Sensemaking and "Nonsense " in Performance Appraisal Systems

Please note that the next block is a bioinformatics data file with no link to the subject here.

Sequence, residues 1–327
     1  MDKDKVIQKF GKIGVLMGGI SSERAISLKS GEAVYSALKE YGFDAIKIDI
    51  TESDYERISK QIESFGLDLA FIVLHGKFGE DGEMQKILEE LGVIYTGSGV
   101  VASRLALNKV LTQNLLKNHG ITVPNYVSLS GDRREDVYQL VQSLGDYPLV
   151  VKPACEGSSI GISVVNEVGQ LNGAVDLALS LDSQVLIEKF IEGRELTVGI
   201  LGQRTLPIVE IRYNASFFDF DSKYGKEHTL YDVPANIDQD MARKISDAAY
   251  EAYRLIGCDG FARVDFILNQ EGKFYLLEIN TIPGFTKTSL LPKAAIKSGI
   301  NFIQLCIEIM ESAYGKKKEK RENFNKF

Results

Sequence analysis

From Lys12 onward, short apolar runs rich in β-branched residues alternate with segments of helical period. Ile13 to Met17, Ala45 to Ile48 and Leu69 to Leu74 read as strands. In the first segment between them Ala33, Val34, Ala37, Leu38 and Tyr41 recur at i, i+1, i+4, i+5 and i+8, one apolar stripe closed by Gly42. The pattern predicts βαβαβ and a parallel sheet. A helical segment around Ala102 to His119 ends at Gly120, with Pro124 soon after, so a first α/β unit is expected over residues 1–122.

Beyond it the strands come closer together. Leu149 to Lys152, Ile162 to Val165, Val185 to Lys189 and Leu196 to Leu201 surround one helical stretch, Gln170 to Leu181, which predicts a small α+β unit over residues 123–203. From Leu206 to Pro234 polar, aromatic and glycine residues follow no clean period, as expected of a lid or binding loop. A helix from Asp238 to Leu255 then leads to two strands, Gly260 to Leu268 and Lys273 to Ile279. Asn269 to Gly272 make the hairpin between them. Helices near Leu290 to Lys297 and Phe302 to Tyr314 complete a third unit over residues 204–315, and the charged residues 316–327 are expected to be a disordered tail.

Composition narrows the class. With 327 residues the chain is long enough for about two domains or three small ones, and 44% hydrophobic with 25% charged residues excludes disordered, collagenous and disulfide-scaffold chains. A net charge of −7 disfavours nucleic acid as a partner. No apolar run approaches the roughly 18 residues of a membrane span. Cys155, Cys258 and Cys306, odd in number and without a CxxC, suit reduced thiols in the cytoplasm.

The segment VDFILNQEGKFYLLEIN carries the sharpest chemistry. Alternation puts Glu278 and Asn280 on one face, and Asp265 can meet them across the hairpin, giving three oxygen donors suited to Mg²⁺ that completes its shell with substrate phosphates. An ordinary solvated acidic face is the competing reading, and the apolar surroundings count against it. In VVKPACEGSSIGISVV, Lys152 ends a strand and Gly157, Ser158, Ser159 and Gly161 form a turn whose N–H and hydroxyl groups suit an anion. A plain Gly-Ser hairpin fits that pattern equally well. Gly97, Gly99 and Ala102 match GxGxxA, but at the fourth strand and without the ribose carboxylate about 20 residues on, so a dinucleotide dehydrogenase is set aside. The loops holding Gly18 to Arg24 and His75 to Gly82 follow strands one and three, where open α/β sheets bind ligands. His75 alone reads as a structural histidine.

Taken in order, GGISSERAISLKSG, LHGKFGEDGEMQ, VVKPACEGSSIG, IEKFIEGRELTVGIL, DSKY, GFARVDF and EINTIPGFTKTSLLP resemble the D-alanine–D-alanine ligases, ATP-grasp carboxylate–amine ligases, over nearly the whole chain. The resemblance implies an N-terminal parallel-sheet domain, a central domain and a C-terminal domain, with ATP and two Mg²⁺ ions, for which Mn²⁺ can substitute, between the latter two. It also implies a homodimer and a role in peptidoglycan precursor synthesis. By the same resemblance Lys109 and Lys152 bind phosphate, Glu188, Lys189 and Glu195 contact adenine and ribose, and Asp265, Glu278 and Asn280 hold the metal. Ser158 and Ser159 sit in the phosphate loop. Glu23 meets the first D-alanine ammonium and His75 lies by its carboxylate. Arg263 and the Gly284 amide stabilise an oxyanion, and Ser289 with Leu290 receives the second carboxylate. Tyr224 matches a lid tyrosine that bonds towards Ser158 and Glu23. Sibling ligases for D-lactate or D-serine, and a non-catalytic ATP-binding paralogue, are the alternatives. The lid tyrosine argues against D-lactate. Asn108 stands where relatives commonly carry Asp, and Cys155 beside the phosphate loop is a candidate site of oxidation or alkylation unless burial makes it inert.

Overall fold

Performance appraisal systems have become usual practice both in private and in the public sector, where they have been made compulsory. Unfortunately, the way such systems are set up and run is very often self-defeating, because on the one hand final users will get messages contrasting with the real reason of creation, and on the other performance appraisal systems tend to favour opportunistic behaviours and, hence, distortions in the reward systems. This paper compares the features of the "sensemaking" process available in literature to the methods through which performance appraisal systems are usually applied; particular emphasis has been given to the analysis of the conditions of effectiveness supporting performance that need constant adaptation to complex environment. This approach is also applied to the analysis of the relation among individual performance appraisal, human resources management, planning and control systems, and their capability of creating or destroying "sense " in organizations.
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